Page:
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There are 42 items indexed to this topic.


APUSH-22-E

family, work, education, unionization, and suffrage


Resources:

The Crisis of Victorianism
Resource Type: E-Seminar

Relevant pages:
The Doctrine of Separate Spheres
The Search for New Identities

Relevant transcripts:
Both men and women had problems with this separation.
Addams and Gilman foreshadowed modern feminism.
Addams came to see herself as a kind of pioneer for young intellectuals.
Gilman emphasized the public realm.
Gilman's response differed from Addams's.

Relevant interactive tools:
The lecture spoke to both men's and women's concerns.
The lecture spoke to both men's and women's concerns.

The Search for a Scientific Culture
Resource Type: E-Seminar

The Doctrine of Separate Spheres
Resource Type: Primary Source
Women's world: the parlor.

The Younger Generation's Response
Resource Type: Primary Source
Victorian style: drawing room of W. C. Whitney residence, 1899.

The Search for New Identities
Resource Type: Primary Source
Charlotte Perkins Gilman (1860-1935), c. 1905.

Jane Addams: Domesticating the Public World
Resource Type: Primary Source

Charlotte Perkins Gilman: Professionalizing Private Life
Resource Type: Primary Source
Charlotte Perkins Gilman at age 23.

Charlotte Perkins Gilman: Professionalizing Private Life
Resource Type: Primary Source
Publicity flyer, c. 1905, advertising some of Gilman's most popular lecture topics.

Charlotte Perkins Gilman: Professionalizing Private Life
Resource Type: Primary Source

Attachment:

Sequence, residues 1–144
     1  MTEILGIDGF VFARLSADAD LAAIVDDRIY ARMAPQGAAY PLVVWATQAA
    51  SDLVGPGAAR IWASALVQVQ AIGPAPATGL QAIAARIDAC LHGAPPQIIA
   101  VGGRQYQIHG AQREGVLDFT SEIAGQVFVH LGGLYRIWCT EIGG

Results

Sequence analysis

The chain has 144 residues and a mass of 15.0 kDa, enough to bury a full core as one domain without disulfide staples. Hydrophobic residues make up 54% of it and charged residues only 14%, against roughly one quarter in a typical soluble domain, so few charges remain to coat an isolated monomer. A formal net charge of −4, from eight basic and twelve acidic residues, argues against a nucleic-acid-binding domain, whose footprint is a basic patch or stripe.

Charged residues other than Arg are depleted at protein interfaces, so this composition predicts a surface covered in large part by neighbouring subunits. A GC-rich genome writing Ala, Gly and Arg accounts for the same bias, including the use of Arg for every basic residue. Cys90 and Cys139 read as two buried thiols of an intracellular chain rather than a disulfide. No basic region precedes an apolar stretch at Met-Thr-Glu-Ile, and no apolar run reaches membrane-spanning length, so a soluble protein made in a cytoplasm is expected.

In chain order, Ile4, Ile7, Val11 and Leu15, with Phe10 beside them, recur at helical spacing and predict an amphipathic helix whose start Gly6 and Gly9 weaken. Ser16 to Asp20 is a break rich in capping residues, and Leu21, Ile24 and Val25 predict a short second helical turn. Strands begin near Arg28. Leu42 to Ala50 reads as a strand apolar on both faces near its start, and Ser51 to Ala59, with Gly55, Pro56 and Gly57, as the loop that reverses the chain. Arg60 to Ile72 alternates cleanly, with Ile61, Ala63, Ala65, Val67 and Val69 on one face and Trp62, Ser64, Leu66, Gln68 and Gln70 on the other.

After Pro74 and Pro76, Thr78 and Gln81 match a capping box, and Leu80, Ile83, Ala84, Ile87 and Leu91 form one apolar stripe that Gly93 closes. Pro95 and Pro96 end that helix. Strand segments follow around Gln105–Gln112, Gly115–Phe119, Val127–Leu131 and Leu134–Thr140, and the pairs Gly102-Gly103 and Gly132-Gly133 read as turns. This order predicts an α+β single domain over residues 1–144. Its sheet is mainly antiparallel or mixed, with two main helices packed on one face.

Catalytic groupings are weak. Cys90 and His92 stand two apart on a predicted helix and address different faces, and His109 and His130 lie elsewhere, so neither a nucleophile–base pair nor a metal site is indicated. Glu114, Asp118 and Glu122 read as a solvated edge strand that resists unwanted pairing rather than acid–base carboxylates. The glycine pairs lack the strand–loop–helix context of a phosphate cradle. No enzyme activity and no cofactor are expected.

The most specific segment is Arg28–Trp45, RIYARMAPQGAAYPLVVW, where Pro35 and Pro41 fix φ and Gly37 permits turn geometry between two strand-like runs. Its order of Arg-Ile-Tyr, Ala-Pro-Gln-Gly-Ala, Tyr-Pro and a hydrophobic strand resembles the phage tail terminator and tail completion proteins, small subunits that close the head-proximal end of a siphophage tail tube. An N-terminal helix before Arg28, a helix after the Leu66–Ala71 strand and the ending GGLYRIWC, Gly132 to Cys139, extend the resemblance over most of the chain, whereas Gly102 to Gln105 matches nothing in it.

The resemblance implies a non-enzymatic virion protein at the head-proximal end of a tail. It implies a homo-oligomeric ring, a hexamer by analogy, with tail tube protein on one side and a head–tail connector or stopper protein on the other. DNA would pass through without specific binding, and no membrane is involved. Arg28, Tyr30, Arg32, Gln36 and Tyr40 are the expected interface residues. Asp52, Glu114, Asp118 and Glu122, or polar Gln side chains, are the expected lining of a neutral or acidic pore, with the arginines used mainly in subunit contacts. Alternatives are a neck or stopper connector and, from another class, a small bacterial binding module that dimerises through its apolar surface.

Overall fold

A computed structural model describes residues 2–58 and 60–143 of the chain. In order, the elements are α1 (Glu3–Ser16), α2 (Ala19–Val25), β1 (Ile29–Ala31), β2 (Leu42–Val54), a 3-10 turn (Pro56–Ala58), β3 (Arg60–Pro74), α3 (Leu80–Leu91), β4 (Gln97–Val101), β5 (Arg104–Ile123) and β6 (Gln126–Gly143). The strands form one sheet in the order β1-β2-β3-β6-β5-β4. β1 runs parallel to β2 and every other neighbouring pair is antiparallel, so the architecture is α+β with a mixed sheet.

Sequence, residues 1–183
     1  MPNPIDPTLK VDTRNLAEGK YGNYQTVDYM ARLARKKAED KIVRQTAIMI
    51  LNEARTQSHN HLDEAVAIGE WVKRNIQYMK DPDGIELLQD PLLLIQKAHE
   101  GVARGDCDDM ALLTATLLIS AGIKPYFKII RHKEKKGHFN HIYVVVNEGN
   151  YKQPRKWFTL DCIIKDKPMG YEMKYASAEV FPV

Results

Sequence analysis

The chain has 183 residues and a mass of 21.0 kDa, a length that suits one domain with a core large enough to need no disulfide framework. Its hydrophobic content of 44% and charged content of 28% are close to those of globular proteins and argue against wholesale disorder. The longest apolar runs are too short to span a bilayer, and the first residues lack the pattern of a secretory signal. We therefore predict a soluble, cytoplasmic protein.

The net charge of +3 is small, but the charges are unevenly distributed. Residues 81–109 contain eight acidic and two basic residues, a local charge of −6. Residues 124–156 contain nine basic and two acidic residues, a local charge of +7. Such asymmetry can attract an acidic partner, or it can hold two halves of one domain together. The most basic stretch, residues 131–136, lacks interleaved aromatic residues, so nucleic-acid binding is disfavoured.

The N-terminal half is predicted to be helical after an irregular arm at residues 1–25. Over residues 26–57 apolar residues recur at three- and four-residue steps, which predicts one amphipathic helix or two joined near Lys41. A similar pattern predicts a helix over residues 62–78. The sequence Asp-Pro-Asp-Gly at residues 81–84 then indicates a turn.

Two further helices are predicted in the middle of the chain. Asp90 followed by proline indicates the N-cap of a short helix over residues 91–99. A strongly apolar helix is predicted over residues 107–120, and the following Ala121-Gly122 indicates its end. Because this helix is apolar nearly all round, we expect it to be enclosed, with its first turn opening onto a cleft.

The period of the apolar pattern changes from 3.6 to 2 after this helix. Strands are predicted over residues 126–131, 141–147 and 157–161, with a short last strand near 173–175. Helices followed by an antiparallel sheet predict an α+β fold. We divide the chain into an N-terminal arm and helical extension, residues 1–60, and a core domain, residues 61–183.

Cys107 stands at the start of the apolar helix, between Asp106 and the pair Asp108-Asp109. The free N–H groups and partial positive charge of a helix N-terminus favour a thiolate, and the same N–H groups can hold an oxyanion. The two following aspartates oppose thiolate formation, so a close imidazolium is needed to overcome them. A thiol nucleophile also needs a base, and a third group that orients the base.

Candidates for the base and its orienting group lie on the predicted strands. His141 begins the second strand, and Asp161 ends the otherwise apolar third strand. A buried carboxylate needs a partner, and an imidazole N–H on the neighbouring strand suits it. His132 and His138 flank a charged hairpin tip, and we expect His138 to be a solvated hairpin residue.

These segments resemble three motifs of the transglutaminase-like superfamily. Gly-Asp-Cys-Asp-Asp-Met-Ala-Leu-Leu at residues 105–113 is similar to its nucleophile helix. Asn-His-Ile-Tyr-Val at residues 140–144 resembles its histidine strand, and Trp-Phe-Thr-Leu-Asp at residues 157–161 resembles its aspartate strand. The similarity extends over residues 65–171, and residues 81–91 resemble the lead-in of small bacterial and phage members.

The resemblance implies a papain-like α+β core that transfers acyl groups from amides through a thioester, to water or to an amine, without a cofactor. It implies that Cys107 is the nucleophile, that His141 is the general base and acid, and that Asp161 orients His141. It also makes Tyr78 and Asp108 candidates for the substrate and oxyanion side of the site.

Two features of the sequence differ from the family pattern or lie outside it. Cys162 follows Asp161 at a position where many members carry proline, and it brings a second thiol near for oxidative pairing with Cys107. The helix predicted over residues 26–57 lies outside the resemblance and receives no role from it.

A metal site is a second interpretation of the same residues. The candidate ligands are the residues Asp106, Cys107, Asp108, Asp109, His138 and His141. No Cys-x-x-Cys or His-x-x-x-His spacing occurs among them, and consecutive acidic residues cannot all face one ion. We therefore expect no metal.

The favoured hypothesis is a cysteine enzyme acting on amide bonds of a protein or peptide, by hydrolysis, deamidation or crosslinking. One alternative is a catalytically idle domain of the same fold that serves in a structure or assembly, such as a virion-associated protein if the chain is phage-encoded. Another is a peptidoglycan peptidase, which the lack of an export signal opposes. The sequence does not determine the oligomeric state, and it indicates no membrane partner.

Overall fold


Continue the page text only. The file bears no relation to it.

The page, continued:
Illustration from a Boston Sunday Herald article (January 1916) discussing Gilman's view of women's liberation as the measure of social progress.

Charlotte Perkins Gilman: Professionalizing Private Life
Resource Type: Primary Source

American Ambivalence
Resource Type: Primary Source
Jacket of the American edition of Harold Frederic's The Damnation of Theron Ware, or Illumination (New York: Stone and Kimball, 1896).

Women and the Progressive Era
Resource Type: Document-Based Question
The discussion of women at the end of the nineteenth century and beginning of the twentieth century is often separated into different chapters and topics. This DBQ asks students to combine what they have learned about American society and about the changing roles and perceptions of women to evaluate the women's movement during the Progressive Era.

The Yellow Wall Paper
Resource Type: Primary Source
Charlotte Perkins Gilman was a well-educated American woman who became depressed after her marriage in 1884. Diagnosed with neurasthenia and prescribed the "rest-cure,"she later wrote about her experience in The Yellow Wall Paper, published in 1899.

Black Women and the National Council of Women
Resource Type: Primary Source
Adella Hunt Logan, a leading member of the Tuskegee Women's Club, argued on behalf of the National Association of Colored Women that black women should be included in the National Council of Women in the United States.

Twenty Years at Hull House
Resource Type: Primary Source